Books, Nicola Meighan

26 articles

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Philip Pullman - The Good Man Jesus and The Scoundrel Christ

6 Aug 2010

'The Most Dangerous Author in Britain' comes to the Book Festival

You will know him by the horns, of course, and the casual air of unholy sin. For Philip Pullman is the anti-God and ‘The Most Dangerous Author in Britain’, according to the modern gospel of The Mail on Sunday. To most of us, however, he is the avuncular…

Nile Rodgers, the man who brought us disco, to talk at the 2012 Edinburgh Book Festival

9 Aug 2012

How one man helped shape a generation of pop

As the Book Festival programme announces, Nile Rodgers is ‘The Man Who Brought Us Disco’. Or, to be more accurate, he is: The Chic Frontman Who Brought Us Disco; Who Worked with Mick Jagger, Prince and Debbie Harry; Who Produced Madonna, David Bowie and…

The Hot 100 2010 - Mark Millar, Kevin Bridges and Alasdair Gray take top 3 spots

16 Dec 2010

Our annual chart of the top creatives in Scotland

The Hot 100 is a list of Scots who’ve made a sizeable creative splash in 2010. It includes musicians, artists, writers, actors, fashion designers, technological innovators, shop owners, festival directors, record label heads and one mad cyclist.

Alasdair Gray: A Life in Progress

6 Feb 20154 stars

Warm and affectionate soundtrack to a documentary about the Glasgow writer and artist

Larbert, Falkirk is home to De-Fence, the electronic offshoot of King Creosote's Fence Records empire, as helmed by sticksman OnTheFly (aka Gavin Brown), and amplified by a stellar back catalogue which counts rare vinyl releases from Malcolm Middleton…

Tracey Thorn - Bedsit Disco Queen

22 Jan 20135 stars

A wise and humorous pop memoir from the Everything but the Girl singer

This opus from Everything But the Girl’s Tracey Thorn masquerades as a brilliant pop biography, but it’s also a fascinating tale of love, growing up, letting go and finding your way. And it beautifully illustrates how we make sense (and order) of our…

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Zadie Smith - NW

22 Aug 20124 stars

Orange Prize-winner's fourth novel breathes and mutates like the city it encapsulates

The fourth novel from Orange Prize-winner Zadie Smith takes its title from a universal urban sign-post, that of the North-West district in a(ny) city. But its geographic, social and cultural landmarks are so embedded in Smith’s hometown of London (the…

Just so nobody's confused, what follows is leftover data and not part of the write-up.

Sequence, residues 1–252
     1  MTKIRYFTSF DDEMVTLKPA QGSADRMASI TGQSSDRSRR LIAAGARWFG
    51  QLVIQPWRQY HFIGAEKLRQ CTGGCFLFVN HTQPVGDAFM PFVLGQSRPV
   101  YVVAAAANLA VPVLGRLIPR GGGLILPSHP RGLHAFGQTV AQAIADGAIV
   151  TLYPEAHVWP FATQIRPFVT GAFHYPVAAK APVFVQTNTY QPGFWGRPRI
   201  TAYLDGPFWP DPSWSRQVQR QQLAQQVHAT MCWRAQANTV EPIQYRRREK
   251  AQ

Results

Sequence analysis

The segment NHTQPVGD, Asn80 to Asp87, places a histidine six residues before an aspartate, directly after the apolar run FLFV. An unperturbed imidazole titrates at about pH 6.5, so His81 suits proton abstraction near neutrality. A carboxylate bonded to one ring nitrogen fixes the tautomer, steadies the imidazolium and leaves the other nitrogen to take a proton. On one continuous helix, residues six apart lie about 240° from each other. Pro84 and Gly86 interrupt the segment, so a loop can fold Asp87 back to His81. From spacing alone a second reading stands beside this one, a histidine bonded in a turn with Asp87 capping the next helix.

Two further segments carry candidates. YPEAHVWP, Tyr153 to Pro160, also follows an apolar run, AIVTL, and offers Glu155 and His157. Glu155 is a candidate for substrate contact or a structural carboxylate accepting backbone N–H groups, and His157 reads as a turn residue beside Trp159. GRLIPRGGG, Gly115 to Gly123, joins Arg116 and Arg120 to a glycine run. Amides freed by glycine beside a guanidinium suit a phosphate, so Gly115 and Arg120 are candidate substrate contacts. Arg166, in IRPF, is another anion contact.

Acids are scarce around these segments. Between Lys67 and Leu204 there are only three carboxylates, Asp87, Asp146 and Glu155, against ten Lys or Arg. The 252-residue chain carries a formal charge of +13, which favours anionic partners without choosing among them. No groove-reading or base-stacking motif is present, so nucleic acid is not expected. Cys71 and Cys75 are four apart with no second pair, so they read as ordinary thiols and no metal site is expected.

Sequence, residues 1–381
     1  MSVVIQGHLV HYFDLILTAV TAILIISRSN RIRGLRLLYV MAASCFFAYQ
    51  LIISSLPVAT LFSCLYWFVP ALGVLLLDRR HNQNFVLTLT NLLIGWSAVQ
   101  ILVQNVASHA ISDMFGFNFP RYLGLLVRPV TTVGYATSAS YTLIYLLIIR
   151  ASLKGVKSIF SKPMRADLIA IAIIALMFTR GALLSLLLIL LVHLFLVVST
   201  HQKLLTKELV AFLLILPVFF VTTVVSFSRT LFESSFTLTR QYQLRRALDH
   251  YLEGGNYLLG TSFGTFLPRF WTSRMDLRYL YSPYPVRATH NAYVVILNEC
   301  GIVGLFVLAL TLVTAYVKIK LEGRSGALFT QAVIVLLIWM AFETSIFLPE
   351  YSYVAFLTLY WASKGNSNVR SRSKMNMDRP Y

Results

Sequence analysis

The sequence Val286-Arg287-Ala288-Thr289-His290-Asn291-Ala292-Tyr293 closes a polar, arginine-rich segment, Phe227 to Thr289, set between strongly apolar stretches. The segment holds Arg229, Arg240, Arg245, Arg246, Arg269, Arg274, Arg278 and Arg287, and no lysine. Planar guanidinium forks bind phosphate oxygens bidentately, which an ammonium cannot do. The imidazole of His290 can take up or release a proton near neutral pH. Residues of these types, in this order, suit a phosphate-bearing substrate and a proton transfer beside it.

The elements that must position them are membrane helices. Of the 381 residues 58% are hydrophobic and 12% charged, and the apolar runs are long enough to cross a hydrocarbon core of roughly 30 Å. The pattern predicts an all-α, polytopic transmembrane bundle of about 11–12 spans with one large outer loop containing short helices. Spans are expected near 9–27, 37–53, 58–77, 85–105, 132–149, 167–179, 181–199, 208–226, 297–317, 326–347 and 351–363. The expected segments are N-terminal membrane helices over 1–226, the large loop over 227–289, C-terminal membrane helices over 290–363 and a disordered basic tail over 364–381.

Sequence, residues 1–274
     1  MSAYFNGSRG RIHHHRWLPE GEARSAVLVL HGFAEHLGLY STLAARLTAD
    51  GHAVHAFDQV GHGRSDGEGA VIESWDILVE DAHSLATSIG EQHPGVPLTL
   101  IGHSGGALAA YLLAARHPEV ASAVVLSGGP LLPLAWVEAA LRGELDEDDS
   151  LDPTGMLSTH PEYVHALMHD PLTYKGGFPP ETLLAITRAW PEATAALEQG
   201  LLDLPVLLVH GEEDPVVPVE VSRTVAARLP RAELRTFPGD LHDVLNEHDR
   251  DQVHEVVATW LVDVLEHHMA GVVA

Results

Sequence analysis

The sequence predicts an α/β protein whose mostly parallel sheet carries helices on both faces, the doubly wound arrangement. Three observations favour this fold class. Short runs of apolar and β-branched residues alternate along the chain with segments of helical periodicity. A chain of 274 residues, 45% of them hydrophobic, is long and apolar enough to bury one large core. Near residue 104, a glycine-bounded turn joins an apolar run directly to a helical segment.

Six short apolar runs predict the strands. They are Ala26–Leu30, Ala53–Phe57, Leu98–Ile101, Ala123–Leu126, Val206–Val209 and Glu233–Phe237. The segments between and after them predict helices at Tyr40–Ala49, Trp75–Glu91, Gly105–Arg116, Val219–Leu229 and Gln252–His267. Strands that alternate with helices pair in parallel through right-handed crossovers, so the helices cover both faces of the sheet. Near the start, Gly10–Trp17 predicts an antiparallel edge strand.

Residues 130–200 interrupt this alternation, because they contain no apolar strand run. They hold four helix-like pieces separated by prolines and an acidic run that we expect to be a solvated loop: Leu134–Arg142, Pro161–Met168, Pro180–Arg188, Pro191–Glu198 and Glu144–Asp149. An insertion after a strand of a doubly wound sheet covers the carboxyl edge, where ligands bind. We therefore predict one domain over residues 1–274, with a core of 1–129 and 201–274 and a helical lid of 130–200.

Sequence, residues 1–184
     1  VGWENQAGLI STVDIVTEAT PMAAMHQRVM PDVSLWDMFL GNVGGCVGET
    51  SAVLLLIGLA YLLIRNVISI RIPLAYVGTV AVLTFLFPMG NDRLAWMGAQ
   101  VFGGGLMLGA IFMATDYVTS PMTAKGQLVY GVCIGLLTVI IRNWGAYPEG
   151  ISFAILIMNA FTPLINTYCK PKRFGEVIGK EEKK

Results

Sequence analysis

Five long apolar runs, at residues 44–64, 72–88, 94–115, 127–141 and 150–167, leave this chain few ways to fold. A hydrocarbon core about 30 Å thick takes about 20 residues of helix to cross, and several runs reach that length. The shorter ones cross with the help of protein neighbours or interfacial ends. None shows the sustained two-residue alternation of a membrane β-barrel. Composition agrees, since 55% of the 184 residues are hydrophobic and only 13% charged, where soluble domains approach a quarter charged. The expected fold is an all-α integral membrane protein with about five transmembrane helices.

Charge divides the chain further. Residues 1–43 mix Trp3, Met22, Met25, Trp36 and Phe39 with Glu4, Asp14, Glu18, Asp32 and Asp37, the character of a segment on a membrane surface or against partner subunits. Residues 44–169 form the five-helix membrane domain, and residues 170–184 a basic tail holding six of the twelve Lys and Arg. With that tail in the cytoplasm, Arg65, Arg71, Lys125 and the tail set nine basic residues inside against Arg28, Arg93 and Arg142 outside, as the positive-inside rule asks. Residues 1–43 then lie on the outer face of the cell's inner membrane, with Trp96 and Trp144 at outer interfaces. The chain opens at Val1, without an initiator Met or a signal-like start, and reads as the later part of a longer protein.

John O'Farrell - The Man Who Forgot His Wife

28 Feb 20123 stars

Mildly diverting rom-com novel from the Spitting Image writer

(Doubleday) What would we make of our partners if our memories were wiped and we spied them anew? This question loiters, doe-eyed, at the heart of John O’Farrell’s retrograde amnesia rom-com, The Man Who Forgot His Wife. It’s a light-hearted…

Stephen King - 11.22.63

15 Nov 20113 stars

The horror writer's time-travelling thriller fails to take full advantage of its premise

(Hodder & Stoughton) There is no doubting Stephen King’s abiding knack for a gripping yarn, but the American author’s latest novel could be doing with a few more thrills. That’s not to say that the plot is lacklustre or lacking in scale, taking a…

Alexander Masters - The Genius in My Basement

24 Aug 20114 stars

Affectionate, dynamic tale of mathematician child genius

(Fourth Estate) Our bookshelves have groaned with populist tomes on maths over the past few years – from the excellent likes of Fermat’s Last Theorem and The Music of the Primes to myriad facsimiles – but it is well worth making room for The Genius…

James Yorkston

19 Aug 2011

A droll and heartfelt memoir from the Fife bard

Earlier this year, James Yorkston seduced a full-house in Glasgow, clad with a well-thumbed touring diary. It was not the first time, and it won’t be the last. While the Fife-based singer-songwriter and commended Fence Collective affiliate has long…

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Julie Myerson

17 Aug 2011

The author's apocalyptic novel 'Then' delves into the heart of darkness

‘Oh dear, I’m sorry!’ says Julie Myerson. She’s apologising for giving me nightmares with her latest novel, Then. ‘Well, I’m only half-sorry as I suppose I do want to have that effect.’ The London-based writer has never shirked from disconcerting…

Kristin Hersh set for Edinburgh Festival show

10 Aug 2011

Indie rock goddess brings new memoir, spoken word and live music

Alternative rock idol Kristin Hersh is spoiling us. She’s playing four shows in the Edinburgh festival, although she doesn’t realise it. ‘Am I? I don’t know!’ she laughs. ‘I’ll do whatever you say...’ The List is tempted to exploit this congenial…